Man in killing that led to Vermont DNA law diesBy WILSON RING
The Associated Press | December 26,2013
GodfreySPRINGFIELD — A Vermont man who killed a Vermont woman and remained free for 14 years — while the victim’s parents urged the Legislature to create the DNA database that was used to identify him as their daughter’s killer — has died in prison.
Howard Godfrey, 67, of Kirby, died early Tuesday in the medical unit of the Springfield prison, state Corrections Commissioner Andy Pallito said Tuesday.
Pallito did not give a specific cause of death but said it was from natural causes.
Godfrey was convicted in 2008 of the sexual assault and killing of Patricia Scoville, 28, of Stowe and was serving a sentence of life without parole when he died.
Scoville’s body was found in a shallow grave at the Moss Glen Falls, a scenic spot outside Stowe village. She had ridden her bicycle there on Oct. 23, 1991. Her body was found several days later. She had been hit in the back of the head and sexually assaulted.
Scoville’s death went unsolved for years while her parents, Ann and David Scoville, of Canadaigua, N.Y., lobbied the state Legislature to create a DNA database of people convicted of certain crimes.
David Scoville, reached at his New York home Tuesday, said Godfrey’s death marks the end of another chapter since the death of his daughter.
“We always say there is no such thing as closure other than having Patty back, but this is a closure of sorts,” said Scoville, who along with his wife continues to speak in favor of DNA database proposals since the Vermont law led to their daughter’s killer.
In 2002 the Scovilles received the National Crime Victim Service Award for their efforts. And after Godfrey’s 2008 sentencing, the Scovilles were honored by state officials for their efforts to enact Vermont’s DNA databank. The state’s DNA laboratory was named in their daughter’s memory.
Godfrey gave a DNA sample in 2000 after he was convicted of a non-fatal aggravated assault of a woman in 1996 in Morrisville, not far from where Scoville was killed. That sample was not entered into the national database that linked him to Patricia Scoville’s killing until 2005. He was arrested several days later.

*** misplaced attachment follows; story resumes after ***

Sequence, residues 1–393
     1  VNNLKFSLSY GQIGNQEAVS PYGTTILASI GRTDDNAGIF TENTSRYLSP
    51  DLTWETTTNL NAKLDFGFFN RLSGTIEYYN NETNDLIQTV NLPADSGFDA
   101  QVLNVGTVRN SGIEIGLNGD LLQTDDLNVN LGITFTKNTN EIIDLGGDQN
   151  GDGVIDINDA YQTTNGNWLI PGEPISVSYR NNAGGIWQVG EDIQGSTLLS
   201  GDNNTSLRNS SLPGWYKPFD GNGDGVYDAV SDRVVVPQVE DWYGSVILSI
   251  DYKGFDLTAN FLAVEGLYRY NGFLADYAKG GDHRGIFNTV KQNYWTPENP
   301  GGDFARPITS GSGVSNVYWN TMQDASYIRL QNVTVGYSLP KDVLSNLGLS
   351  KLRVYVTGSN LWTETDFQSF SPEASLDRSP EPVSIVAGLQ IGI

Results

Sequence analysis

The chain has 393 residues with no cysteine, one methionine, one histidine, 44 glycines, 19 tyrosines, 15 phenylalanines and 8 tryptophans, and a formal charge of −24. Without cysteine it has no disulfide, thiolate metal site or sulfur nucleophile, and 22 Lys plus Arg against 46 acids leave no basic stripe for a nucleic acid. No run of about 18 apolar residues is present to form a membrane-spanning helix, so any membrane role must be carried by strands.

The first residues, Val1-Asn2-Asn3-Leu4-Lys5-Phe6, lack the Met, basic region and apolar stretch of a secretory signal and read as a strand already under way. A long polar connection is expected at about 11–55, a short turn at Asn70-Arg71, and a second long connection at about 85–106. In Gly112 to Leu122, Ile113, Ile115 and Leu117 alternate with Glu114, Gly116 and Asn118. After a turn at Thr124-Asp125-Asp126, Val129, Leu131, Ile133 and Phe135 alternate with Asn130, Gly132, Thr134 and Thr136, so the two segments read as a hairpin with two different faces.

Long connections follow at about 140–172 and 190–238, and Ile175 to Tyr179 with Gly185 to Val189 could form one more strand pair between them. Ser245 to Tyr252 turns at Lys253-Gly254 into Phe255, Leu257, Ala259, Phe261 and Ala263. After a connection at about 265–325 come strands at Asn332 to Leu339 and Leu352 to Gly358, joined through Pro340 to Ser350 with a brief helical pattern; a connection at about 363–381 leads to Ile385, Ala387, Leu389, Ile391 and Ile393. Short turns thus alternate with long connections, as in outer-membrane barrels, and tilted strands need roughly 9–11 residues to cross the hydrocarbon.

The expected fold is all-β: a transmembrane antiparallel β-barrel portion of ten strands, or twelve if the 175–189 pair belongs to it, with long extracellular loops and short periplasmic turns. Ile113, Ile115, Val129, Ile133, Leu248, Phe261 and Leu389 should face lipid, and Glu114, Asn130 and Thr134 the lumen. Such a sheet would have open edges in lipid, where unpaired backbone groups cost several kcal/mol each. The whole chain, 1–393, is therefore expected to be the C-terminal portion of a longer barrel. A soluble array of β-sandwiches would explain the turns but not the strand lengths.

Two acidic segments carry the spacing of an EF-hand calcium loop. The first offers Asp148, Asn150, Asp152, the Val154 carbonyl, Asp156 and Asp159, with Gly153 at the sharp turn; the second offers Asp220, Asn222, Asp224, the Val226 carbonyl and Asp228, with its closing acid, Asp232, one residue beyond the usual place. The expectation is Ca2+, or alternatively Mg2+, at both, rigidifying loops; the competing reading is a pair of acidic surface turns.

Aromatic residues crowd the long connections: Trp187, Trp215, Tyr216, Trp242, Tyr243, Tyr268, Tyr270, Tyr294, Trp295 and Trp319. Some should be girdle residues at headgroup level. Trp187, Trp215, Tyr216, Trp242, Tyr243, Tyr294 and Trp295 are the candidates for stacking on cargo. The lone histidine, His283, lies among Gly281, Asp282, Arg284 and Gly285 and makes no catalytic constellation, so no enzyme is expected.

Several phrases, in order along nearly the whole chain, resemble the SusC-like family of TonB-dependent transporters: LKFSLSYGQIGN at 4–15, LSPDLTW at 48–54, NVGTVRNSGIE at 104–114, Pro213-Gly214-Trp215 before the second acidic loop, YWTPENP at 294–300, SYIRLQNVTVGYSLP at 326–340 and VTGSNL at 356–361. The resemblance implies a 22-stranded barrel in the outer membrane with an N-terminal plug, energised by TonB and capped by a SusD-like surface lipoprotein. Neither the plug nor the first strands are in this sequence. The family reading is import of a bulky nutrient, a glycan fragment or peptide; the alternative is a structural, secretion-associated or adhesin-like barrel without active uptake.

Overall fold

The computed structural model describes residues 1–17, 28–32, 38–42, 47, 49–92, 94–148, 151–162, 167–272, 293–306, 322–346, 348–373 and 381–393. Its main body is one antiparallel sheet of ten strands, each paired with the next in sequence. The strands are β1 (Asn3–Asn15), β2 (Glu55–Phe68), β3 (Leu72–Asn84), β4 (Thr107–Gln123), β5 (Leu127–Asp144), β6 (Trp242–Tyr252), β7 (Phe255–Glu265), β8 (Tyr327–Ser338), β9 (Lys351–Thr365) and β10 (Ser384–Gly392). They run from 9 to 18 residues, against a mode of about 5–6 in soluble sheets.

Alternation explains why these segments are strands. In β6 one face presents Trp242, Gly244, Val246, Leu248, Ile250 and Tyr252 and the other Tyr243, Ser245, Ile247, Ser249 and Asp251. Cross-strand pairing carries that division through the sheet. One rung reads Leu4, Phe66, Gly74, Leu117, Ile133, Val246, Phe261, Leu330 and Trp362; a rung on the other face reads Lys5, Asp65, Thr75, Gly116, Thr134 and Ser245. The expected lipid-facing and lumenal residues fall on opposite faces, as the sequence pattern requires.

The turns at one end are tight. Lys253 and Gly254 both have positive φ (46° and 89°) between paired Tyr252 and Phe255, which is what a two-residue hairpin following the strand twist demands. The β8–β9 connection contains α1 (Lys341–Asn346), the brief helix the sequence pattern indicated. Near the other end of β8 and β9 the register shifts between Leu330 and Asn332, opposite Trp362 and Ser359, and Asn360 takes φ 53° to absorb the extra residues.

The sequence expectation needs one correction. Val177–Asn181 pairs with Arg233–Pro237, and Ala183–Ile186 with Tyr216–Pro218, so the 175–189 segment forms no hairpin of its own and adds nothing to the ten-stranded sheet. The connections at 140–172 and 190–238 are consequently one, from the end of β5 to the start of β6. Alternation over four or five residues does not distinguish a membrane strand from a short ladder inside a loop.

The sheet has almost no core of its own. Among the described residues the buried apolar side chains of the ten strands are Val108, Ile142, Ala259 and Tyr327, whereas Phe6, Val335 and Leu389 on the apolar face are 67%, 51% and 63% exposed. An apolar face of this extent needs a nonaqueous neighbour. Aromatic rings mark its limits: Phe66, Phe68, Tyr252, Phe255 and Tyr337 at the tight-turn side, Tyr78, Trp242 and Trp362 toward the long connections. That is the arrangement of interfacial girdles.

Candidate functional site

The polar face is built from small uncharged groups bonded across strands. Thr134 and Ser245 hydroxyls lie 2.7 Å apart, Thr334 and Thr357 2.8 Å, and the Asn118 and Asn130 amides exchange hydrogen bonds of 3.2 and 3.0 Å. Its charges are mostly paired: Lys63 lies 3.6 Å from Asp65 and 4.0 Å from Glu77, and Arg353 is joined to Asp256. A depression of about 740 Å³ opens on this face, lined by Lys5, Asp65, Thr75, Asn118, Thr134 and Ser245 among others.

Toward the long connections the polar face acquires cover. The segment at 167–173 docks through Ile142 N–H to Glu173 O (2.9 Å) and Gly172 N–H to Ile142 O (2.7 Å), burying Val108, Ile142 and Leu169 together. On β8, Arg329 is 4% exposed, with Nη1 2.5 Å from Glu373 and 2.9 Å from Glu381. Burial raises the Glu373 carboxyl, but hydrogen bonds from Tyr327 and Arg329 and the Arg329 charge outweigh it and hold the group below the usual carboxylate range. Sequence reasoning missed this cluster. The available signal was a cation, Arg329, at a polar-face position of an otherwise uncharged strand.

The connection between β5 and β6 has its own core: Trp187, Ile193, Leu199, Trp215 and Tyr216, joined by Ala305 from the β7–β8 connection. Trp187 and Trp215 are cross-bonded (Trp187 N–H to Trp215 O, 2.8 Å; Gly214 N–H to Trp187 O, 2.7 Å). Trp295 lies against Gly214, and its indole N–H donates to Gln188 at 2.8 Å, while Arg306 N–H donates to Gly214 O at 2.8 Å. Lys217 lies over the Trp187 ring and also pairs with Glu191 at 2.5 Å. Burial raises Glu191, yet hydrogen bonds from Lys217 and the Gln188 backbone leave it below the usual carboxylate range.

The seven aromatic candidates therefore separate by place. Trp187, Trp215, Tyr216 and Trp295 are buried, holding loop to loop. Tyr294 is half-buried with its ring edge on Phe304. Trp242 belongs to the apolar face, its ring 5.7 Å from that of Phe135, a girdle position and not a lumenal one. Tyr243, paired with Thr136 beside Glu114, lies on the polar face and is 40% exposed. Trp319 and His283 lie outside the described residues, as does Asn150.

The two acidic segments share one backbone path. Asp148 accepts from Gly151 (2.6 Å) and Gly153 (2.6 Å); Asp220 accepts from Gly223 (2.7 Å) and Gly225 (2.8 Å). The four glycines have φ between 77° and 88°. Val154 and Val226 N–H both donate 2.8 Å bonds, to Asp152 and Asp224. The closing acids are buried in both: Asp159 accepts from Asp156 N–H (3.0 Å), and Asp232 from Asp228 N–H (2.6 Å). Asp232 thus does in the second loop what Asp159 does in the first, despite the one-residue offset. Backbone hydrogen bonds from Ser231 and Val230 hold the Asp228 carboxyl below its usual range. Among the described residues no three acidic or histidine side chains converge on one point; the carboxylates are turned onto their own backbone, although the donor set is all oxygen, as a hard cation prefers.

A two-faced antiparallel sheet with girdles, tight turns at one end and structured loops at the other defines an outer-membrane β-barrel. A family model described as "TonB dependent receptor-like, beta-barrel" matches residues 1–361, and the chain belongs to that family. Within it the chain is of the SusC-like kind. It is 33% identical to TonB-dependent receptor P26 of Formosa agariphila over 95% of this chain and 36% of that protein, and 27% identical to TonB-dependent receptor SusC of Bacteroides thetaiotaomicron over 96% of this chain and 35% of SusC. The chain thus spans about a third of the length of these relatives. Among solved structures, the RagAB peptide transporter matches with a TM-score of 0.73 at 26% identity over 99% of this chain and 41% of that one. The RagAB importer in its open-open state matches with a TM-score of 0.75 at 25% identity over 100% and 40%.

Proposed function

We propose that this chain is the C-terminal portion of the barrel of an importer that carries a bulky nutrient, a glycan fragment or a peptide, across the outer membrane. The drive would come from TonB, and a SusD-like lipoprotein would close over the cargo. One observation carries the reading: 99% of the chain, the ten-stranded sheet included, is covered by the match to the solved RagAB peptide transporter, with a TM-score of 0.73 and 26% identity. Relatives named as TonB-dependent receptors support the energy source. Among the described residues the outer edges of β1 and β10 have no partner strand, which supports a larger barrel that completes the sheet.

Godfrey was convicted in 2008 of aggravated murder, a crime that in Vermont carries an automatic sentence of life without parole.MORE IN Vermont News
- Most Popular
- Most Emailed
- TOMORROW'S HEADLINES TODAY: Vermont Gas Systems puts Phase 2 on hold as the latest estimate for Phase 1 takes a 27 percent leap upward, to a total of $157 million; U.S. Attorney Tristram Coffin quits for job with private firm; police cite man in pot bust.
- RICHARD'S POOR ALMANACK: In 1972, Christmas bombing of North Vietnam ordered by President Richard Nixon, most lethal strikes of the war; in 1989, U.S. invades Panama to depose, arrest and charge Gen. Manuel Noriega with drug trafficking, racketeering.
- TOMORROW'S HEADLINES TODAY: Gov. Peter Shumlin announces demise of his single-payer health insurance initiative; convicted first-degree murderer Alan Prue sentenced to 50 years for killing teacher Melissa Jenkins; veterans chafed about park naming snub.
- RICHARD'S POOR ALMANACK: In 497 BC, first Saturnalia festival celebrated in Rome, Scandinavians retain 'Yule Goat' as symbol of season, Krampus, evil side of holiday cheer, terrorizes children into better behavior, more advice from Christopher Hitchens.
- RICHARD'S POOR ALMANACK: In 533 AD, Byzantine Emperor Justinian I gets the old empire back together again routing the Vandals from Carthage; in 1890, Lakota Chief Sitting Bull is killed at his home in South Dakota; in 1970, Soviets land probe on Venus.
- DUANE CARLETON: Rutland Herald Events Editor George Nostrand interviews musician Duane Carleton, whose new CD 'A GIRL LIKE THAT' drops Thursday, Dec. 18, 2014, and will be celebrated that evening with a show at 9:30 p.m. at Killington's Pickle Barrel.